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Okay, the title may be a slight exaggeration, but the data from a new study by the social contact search site Rapleaf is nonetheless interesting.
In what they claim is the largest social network study ever done, Rapleaf looked at the social connections of both men and women. All told, they collected data from over 30 million people on sites such as Facebook, MySpace, Bebo, Flickr, Hi5 and others.
Interestingly, when you focus on users with fewer connections (well, relatively speaking — we’re talking about one group of people with between 1 and 100 connections, and another with between 100 and 1,000), women tend to have more friends than men. However, when you get to a really large number of connections (1,000 to 10,000, and also 10,000+), men have more friends. Since it’s highly unlikely that someone (here’s looking at you Robert Scoble) actually knows 10,000 or more people well enough to consider them friends, this data would seem to suggest that men are simply using these networks more for business rather than personal usage.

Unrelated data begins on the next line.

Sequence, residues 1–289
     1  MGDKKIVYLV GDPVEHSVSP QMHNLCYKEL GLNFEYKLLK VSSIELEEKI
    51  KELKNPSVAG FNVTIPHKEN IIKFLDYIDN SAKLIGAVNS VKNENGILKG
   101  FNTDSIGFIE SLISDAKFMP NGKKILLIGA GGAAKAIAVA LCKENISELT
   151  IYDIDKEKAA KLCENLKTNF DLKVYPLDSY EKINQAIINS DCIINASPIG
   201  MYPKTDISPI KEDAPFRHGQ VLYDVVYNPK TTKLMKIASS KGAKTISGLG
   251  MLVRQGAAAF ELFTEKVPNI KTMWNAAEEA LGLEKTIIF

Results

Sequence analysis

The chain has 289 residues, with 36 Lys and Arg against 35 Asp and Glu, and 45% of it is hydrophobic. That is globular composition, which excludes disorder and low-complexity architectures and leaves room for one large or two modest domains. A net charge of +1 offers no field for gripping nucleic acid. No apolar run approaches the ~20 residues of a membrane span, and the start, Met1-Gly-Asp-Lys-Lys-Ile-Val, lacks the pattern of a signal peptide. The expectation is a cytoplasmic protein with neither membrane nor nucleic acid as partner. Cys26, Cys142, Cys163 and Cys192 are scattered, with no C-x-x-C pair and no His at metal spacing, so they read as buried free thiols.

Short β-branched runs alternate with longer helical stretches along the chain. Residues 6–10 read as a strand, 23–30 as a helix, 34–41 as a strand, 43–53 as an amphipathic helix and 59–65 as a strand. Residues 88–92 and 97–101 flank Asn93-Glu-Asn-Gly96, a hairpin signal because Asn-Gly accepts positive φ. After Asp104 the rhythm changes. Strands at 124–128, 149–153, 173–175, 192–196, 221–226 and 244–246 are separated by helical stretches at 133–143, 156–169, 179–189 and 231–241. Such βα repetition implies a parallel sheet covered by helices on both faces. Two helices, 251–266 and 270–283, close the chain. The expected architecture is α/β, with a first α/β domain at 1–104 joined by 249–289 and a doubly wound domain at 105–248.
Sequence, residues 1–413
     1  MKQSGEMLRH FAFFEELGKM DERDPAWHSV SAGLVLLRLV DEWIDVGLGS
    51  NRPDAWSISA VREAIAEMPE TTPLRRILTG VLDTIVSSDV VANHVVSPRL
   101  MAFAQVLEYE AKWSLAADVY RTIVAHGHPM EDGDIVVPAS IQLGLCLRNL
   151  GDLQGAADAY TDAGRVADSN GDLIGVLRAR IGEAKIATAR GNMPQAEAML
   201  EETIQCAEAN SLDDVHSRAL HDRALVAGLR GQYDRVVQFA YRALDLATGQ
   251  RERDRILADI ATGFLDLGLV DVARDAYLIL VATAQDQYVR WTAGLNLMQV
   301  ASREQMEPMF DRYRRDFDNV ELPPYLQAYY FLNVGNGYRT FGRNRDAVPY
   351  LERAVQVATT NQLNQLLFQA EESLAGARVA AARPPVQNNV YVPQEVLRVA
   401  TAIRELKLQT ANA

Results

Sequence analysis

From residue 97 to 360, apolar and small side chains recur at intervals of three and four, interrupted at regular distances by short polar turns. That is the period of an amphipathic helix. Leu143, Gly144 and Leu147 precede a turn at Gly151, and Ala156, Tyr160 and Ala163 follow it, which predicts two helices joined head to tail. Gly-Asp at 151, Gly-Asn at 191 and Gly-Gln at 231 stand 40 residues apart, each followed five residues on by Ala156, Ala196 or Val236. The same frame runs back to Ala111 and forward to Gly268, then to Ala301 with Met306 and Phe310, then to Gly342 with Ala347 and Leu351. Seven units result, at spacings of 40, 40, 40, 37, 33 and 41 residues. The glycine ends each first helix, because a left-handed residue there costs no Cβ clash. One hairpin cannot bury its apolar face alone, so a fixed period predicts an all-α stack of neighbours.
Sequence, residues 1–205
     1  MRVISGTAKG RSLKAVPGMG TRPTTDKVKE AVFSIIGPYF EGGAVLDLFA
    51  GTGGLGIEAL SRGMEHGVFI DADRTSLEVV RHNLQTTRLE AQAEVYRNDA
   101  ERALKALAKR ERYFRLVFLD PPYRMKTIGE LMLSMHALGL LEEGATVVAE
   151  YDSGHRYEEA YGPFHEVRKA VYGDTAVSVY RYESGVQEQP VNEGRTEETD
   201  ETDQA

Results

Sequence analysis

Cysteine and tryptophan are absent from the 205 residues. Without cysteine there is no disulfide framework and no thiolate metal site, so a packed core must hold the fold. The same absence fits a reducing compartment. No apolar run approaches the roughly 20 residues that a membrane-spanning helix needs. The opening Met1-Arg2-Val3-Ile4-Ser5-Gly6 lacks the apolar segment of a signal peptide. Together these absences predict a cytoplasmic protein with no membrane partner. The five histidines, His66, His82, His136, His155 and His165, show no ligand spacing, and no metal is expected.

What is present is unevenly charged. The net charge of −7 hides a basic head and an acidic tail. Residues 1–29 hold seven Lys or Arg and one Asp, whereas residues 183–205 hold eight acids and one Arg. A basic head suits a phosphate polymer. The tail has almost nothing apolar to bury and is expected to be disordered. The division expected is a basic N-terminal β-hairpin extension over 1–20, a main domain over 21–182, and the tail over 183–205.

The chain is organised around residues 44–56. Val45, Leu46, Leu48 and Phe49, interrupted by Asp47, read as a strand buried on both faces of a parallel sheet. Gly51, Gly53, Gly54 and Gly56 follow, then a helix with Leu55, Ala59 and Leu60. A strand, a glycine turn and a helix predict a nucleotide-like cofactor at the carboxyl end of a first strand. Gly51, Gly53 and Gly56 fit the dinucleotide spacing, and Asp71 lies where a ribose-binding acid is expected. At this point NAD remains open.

Here’s some of the key data (find the full data here):
Of the people with at least 1 friend, 53.57% are female and 46.43% are male.
Social Networkers (1-100 friends):
– Around 80% of the sample set
– Women have on average 62 friends
– Men have on average 57 friends
– Women are more likely to be Social Networkers
Connectors (100-1,000 friends)
– Around 19% of the sample set
– Women have on average 185 friends
– Men have on average 172 friends
– Women are more likely to be Connectors
Super Connectors (1,000-10,000 friends):
– 0.66% of the sample set
– Women have on average 1,837 friends
– Men have on average 1,944 friends
– Men are more like to be Super Connectors
Uber Connectors (10,000+ friends)
– 0.02% of the sample set
– Women have on average 24,077 friends
– Men have on average 24,584 friends
– Men are more likely to be Uber Connectors
VentureBeat’s VB Insight team is studying email marketing tools.
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